Failing to understand history in his own country it is, of course, too much to expect the author to grasp the meaning of events abroad. Hence, on page 50, he lets fall another fatuous remark: “The more realist Socialists of Italy and Germany will admit, to-day, that the Socialist Parties of those two countries had their opportunity to make a Socialist revolution; that they failed to take it and for that reason are extinct."

Were the representatives of these Parties ever sent to the seats of Government in order to establish Socialism? Nowhere does Mr Postgate face up to this vital question. He thoughtlessly accepts the totally unwarranted assumption that parties elected for the purpose of achieving certain very limited reforms, can use their power to accomplish a social revolution. The Continental parties in the Second International have paid the penalty for having at the outset succumbed to the fatal delusion that it is the business of Socialists to play the paltry game of vote-catching in order to be able to assist the master-class in the administration of the present system.

In his concluding chapter, the author suggests the formation of yet one more organisation to reform (or should it be to “ Bolshevise"?) the Labour Party. He considers that the next Labour Government should hold on to office till it has “made Socialism." He does not tell us what is going to happen when it fails to balance its Budget. He evinces an uncomfortable feeling that the Labour Party, like its brother Parties in Italy and Germany, is hardly likely to escape from the chain of its own history, and lugubriously asks his fellow Labourites how they would like to be beaten into a state of unconsciousness with a rubber baton.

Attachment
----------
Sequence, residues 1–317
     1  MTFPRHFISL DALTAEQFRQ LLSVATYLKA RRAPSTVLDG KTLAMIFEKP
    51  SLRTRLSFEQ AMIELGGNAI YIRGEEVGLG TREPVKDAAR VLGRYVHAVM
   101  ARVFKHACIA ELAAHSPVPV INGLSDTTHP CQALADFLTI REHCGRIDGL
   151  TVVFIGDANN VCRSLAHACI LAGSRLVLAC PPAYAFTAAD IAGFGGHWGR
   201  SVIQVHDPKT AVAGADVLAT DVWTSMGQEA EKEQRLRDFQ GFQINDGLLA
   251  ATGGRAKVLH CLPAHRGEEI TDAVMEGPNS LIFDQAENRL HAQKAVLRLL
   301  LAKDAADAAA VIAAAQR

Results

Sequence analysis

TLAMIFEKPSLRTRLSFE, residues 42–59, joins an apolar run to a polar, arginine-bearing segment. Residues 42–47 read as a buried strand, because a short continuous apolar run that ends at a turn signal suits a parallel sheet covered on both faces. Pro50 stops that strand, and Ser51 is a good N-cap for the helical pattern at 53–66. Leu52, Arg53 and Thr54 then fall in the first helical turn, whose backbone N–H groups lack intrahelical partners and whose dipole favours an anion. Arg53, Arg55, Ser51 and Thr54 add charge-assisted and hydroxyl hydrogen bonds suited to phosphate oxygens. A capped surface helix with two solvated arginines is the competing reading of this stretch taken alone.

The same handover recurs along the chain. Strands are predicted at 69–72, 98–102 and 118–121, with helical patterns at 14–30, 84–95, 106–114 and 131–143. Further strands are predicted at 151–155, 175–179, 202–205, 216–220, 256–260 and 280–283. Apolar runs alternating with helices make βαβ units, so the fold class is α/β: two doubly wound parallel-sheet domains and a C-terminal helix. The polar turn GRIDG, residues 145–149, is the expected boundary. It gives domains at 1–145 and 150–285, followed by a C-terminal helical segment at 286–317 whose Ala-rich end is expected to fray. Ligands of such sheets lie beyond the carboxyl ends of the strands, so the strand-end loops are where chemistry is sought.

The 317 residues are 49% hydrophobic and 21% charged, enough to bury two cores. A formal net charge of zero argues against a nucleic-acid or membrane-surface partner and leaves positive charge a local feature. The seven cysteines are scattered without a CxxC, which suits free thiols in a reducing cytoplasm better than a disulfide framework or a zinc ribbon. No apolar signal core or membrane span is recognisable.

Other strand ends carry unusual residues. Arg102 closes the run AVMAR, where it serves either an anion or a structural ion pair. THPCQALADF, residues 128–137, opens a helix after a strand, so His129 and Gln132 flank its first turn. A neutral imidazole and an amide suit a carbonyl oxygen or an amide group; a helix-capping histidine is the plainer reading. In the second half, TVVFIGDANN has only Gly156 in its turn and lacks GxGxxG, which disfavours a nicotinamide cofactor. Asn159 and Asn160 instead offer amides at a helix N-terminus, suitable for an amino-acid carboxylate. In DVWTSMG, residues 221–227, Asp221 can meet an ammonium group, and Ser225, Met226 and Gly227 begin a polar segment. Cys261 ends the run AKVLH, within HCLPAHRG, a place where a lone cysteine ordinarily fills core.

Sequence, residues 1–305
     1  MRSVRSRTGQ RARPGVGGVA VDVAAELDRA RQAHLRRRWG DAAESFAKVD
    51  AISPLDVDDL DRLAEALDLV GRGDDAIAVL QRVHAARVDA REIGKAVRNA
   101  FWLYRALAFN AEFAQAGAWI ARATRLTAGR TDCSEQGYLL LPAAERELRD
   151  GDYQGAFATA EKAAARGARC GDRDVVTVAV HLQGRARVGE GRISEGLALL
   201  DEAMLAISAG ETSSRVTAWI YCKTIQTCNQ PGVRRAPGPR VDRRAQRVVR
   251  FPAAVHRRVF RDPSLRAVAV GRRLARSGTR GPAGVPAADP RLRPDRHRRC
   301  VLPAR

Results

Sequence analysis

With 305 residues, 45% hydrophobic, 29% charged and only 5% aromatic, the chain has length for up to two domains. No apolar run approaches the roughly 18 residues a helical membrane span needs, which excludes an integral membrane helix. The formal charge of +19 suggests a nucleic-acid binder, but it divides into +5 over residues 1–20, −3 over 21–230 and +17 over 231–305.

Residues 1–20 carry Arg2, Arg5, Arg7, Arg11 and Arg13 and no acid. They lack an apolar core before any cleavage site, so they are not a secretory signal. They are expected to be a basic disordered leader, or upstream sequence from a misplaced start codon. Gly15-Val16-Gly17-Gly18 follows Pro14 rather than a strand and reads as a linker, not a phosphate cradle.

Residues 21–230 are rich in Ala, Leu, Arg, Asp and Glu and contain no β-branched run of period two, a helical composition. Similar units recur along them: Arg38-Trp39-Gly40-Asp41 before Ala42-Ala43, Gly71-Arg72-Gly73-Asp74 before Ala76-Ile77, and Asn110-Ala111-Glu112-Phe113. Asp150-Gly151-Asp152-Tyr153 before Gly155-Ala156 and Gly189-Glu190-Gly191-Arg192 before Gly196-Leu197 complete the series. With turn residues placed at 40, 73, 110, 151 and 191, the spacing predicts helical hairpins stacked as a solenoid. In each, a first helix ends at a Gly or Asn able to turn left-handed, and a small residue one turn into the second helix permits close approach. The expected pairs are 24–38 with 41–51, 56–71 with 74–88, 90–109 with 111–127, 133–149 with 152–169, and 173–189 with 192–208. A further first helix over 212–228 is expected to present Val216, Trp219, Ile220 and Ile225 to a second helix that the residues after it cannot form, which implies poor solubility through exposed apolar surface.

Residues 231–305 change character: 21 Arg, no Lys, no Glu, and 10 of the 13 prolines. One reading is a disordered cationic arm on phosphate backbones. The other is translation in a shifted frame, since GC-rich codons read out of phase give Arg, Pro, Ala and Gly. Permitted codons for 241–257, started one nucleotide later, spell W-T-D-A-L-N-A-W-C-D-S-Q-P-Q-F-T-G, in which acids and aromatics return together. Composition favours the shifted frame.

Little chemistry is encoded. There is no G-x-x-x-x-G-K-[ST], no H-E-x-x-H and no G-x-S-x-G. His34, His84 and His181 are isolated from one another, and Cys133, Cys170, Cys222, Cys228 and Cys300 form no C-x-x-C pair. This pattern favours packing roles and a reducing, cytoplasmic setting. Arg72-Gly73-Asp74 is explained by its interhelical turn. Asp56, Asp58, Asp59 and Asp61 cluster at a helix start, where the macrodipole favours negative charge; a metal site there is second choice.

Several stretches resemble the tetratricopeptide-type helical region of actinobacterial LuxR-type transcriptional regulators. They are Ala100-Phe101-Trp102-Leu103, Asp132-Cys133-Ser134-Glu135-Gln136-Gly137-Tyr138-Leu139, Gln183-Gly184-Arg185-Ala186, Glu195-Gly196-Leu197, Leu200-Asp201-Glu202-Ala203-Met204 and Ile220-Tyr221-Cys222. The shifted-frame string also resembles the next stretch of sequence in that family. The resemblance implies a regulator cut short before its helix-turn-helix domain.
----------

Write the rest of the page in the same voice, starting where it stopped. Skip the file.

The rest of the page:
It is amusing and instructive to reflect that this is the same Mr. Postgate who, a dozen years or so ago, was cheerfully editing the official organ of the Communist Party, encouraging the workers to adopt violent and unconstitutional methods.

For a person who rejects dialectics, Mr. Postgate has certainly done his best to illustrate in his own person the negation of negation. The part of his book dealing with Communist tactics is, as a consequence, the most entertaining. His summary of the slogans of the Daily Worker could hardly be improved upon: “Come out on strike! If you do, your leaders will instantly sell you out!”

Nevertheless, Mr. Postgate has merely exchanged one form of futility for another. He is by no means optimistic about the prospects of his proposed new organisation.

He “will not even permit himself to say with certainty that such an organisation will lead to a successful revolution.” Apparently, he and others put the idea before the Socialist League two years ago without success. So that the “reform" of the Labour Party appears almost as remote as Socialism. And what is this, after all, but a reappearance of the original idea of the I.L.P. in joining the Labour Party a generation back?

Experience answers Mr. Postgate. No group, however well-intentioned, can save a Party which adopts vote-catching as one of its methods; for the group must participate in the methods of the Party and, eventually, in its fate.

Eric Boden